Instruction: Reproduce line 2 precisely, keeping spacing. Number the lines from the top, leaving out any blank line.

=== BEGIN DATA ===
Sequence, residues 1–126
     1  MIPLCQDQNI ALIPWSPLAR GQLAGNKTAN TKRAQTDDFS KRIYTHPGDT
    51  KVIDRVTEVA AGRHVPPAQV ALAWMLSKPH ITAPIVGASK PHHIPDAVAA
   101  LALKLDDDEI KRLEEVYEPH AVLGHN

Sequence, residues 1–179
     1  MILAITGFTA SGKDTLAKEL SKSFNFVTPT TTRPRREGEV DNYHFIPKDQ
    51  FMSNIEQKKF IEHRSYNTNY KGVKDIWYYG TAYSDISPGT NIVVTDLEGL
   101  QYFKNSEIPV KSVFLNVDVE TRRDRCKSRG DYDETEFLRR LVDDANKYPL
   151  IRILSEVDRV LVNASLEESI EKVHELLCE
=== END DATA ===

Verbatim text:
     1  MIPLCQDQNI ALIPWSPLAR GQLAGNKTAN TKRAQTDDFS KRIYTHPGDT